MONDAY MAY 16, 2022
BASIC COUNSELLING SKILLS: ATTENDING SKILLS
Scripture Reference: Genesis 18:1-17.
This week we focus on the essential counselling skills one has to acquire in order to practice person centred counselling. They can be useful in becoming a counsellor formally as well as becoming a better human being informally. We start with Attending skills. It refers to how counsellors attend to clients. It is the first counselling skill a trainee counsellor learns. It means being attentive and giving your client your full focus; paying attention. It is the base on which other skills can be built on and used.
From today’s readings, Abraham demonstrated some essential skills that resulted in receiving some first-hand information from his visitors which enabled him to start his intercession for Lot, his family and the people of Sodom. The way Abraham received them, made them feel at home and engaged them could be called the skill of attending.
There are several key elements in attending. Firstly, Eye Contact: Looking directly at someone demonstrates they have your full attention and you are listening to them. Be thoughtful not to stare intently, as this can make a person feel uncomfortable.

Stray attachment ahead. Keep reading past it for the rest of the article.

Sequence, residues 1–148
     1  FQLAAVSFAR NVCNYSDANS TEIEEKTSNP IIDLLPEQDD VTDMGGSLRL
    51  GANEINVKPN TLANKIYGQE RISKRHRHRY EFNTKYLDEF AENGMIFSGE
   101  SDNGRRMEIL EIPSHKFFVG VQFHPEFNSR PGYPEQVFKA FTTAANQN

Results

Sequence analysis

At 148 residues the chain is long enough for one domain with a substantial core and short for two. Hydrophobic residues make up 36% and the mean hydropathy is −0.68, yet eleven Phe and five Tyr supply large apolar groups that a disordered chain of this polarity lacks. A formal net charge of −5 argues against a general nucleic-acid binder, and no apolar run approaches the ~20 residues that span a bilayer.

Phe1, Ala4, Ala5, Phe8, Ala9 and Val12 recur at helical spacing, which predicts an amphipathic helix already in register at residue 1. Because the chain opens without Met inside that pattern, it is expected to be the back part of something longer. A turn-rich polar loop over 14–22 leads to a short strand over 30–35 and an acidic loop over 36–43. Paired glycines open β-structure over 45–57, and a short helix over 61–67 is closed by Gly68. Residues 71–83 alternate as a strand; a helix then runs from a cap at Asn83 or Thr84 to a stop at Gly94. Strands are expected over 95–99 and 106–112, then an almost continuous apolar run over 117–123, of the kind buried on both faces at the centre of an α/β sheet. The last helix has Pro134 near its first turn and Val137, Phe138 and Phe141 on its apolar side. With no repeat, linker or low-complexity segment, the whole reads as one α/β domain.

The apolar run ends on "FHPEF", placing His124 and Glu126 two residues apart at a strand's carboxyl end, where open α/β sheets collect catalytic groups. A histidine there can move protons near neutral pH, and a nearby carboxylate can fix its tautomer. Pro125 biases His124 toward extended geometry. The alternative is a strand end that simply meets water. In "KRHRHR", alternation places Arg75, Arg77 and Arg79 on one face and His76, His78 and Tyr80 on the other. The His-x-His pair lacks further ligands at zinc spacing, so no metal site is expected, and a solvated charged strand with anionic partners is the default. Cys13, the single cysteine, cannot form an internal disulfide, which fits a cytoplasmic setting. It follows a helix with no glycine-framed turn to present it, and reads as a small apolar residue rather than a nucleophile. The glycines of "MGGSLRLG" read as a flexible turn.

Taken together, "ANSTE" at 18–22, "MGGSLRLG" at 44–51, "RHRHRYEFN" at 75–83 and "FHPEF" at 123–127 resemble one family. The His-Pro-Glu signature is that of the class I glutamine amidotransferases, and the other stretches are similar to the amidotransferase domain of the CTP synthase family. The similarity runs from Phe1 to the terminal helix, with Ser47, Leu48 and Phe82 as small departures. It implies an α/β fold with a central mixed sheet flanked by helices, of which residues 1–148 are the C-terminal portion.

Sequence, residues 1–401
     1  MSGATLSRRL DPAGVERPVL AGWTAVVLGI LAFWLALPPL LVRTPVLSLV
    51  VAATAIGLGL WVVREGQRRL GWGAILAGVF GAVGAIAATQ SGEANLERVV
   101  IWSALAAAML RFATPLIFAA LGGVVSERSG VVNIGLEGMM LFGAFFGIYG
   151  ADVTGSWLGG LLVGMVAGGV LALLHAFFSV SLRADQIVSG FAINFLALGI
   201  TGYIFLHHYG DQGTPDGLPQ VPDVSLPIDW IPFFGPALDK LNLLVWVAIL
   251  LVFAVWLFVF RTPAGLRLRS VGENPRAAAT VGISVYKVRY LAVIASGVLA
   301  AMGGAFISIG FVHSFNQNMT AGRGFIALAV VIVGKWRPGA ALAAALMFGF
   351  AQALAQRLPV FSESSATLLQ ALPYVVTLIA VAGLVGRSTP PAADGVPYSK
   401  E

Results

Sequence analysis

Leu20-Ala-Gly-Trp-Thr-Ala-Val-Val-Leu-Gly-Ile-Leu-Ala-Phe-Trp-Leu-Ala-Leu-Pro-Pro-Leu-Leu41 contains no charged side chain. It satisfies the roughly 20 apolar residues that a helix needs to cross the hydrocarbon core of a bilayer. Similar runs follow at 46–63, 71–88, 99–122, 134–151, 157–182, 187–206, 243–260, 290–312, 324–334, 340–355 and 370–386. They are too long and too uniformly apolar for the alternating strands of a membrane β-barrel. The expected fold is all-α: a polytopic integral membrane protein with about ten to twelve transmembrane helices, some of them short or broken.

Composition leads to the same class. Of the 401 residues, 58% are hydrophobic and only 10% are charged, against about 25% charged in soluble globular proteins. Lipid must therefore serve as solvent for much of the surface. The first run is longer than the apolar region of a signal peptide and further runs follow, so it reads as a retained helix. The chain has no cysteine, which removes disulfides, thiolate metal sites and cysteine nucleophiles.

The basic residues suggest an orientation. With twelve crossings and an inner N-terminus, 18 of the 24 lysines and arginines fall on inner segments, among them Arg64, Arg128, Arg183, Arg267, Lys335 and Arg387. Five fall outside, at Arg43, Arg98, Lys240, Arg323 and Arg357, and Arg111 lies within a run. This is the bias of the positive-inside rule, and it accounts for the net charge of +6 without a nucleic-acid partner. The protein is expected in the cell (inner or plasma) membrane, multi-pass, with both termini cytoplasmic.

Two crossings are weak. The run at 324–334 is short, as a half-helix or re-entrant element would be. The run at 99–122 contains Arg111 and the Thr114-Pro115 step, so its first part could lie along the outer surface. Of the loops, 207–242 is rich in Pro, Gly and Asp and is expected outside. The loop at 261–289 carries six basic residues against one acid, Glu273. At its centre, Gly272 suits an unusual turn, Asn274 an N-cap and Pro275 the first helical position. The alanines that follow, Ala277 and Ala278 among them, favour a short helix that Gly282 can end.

Just be your natural self. Be mindful that in some cultures eye contacts can be seen as disrespectful. Secondly, Body language: Be considerate of your posture. Being relaxed is a great way to invite someone to talk about themselves. Leaning slightly forward in the chair shows that you are giving your full attention and actively listening.
Also, Gestures: You communicate so much in your body movements. For example, sitting with your arms and legs crossed, hunched up, can give the impression that you have put a barrier up and are not or interested. Waving your arms about can also be distracting. Additionally, Facial Expressions: A good listener will be thoughtful of their facial expressions. Frowning or raising eyebrows can transmit revulsion or judgment which may shut the client down, while smiling at appropriate times demonstrates human warmth which helps build trust and develops rapport.
Lastly, How you speak: Attending is not all about listening; sometimes you may need to ask clarifying questions or paraphrase back what the client has said. When you respond, be thoughtful and precise in the words you use. Good attending will show the client that they are respected and it encourages them to talk about their thoughts and feelings. Through effective attending, the counsellor is able to illicit sensitive information from the client so as to administer care.
Prayer Guide: Lord Jesus, please help me to become a good counsellor and a better human being for others.
MEMORY VERSE OF THIS WEEK:
Proverbs 11: 14 (NKJV) – “Where there is no counsel, the people fall; but in the multitude of counsellors there is safety.”